Which employees should sign confidentiality agreements?

April 24, 2017

Topics: Employees as Competitors

Confidentiality agreement prohibit employees from disclosing or using their employer’s confidential information except in the course of their employment. Employers should require all of their employees to sign confidentiality agreements as a condition of employment.

Employees typically acquire confidential information about the company such as the identities of customers, discounts provided, and customer preferences; the company’s financial records, profits and losses, and financial difficulties; pricing decisions, salaries, manufacturing processes, research and development, and business plans such as potential mergers and acquisitions or key hires. Employees may also acquire confidential information belonging to the employers’ clients or customers. Even the receptionist sees the arrival of a potential important client, or the angry departure of a vital partner.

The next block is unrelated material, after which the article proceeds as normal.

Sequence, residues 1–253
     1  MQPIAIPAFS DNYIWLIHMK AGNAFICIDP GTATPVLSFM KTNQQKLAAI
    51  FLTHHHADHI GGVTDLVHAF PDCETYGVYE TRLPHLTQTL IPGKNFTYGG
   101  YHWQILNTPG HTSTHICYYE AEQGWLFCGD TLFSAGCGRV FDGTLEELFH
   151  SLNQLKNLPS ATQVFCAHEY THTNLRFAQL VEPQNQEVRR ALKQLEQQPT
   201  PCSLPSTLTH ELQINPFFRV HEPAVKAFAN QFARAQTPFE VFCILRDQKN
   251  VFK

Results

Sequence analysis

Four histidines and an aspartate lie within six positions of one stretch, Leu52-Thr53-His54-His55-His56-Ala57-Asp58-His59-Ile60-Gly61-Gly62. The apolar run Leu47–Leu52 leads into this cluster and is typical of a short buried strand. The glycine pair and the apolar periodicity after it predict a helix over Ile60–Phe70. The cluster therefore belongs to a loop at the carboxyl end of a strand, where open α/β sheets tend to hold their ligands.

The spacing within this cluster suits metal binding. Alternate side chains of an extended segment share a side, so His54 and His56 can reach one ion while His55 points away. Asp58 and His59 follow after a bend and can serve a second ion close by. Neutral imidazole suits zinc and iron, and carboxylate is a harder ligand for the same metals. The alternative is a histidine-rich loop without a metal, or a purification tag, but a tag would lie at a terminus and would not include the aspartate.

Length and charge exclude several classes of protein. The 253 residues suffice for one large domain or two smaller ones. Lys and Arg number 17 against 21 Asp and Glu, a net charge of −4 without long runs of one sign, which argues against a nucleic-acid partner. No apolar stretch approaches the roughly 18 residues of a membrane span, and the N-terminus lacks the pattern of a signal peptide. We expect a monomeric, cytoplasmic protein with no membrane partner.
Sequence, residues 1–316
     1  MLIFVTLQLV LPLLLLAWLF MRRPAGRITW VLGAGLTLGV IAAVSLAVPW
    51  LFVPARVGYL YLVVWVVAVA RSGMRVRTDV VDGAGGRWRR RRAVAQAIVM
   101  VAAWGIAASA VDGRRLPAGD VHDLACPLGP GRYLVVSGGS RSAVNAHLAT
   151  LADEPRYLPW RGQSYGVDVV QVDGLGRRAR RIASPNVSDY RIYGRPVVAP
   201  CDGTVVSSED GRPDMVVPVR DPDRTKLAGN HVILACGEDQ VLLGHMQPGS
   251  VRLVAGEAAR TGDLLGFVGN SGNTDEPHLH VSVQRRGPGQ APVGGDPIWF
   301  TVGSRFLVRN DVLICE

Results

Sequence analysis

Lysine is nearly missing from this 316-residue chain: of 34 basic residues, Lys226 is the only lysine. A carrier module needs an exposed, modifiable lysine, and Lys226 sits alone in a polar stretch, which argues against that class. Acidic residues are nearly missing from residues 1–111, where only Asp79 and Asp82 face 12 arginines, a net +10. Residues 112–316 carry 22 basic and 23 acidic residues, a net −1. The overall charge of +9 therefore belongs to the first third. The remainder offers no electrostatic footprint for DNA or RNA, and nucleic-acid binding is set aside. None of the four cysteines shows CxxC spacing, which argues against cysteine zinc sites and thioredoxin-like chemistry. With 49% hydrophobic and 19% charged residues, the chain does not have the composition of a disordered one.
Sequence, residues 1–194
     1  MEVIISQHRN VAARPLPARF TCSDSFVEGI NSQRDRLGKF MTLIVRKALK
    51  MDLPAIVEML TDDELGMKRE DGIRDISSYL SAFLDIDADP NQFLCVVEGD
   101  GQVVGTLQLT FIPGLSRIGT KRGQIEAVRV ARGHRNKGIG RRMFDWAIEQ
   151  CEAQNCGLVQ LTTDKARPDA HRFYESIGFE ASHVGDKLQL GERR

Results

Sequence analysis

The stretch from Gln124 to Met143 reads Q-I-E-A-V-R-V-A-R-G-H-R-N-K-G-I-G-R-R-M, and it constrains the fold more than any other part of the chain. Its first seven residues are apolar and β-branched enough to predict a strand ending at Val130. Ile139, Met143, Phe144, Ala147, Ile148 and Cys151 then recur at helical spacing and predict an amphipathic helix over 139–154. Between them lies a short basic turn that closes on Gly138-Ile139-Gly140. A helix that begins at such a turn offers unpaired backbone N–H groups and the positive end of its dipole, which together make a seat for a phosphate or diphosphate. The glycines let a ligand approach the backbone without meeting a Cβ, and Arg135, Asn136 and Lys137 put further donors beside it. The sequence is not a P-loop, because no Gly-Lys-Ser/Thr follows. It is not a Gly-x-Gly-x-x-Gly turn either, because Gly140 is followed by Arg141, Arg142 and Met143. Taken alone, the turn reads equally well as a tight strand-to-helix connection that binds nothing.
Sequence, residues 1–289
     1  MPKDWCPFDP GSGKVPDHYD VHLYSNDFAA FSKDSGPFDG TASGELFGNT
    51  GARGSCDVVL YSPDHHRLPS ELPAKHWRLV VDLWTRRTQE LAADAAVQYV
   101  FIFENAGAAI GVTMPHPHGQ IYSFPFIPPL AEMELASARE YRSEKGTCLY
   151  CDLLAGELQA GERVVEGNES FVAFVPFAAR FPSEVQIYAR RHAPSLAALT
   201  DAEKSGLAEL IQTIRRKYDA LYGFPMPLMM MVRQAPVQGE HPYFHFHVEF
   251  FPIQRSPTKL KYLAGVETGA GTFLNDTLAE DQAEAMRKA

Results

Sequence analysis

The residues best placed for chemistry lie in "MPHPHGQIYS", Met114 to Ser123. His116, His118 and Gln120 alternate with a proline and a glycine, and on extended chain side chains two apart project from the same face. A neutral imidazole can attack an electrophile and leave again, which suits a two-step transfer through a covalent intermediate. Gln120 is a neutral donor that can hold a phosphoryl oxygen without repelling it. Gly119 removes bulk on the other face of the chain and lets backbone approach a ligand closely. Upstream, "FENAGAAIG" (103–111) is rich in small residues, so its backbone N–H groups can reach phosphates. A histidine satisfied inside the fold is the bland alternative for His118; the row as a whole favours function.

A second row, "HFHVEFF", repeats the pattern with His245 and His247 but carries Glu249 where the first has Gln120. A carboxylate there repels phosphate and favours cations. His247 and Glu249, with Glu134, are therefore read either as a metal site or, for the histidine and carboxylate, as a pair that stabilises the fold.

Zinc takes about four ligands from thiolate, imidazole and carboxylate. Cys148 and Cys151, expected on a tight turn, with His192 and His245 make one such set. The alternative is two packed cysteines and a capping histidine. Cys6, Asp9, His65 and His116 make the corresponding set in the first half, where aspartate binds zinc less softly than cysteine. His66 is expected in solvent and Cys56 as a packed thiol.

A well drafted confidentiality agreement will protect both the employers’ confidential information as well as the confidential information of the employers’ clients or customers from disclosure, misappropriation and improper use.

Often confidentiality provisions are included in longer documents containing other restrictions, such as prohibitions against competition or soliciting clients and employees. However, agreements containing confidentiality provisions alone can be key protections for companies that all employees should sign.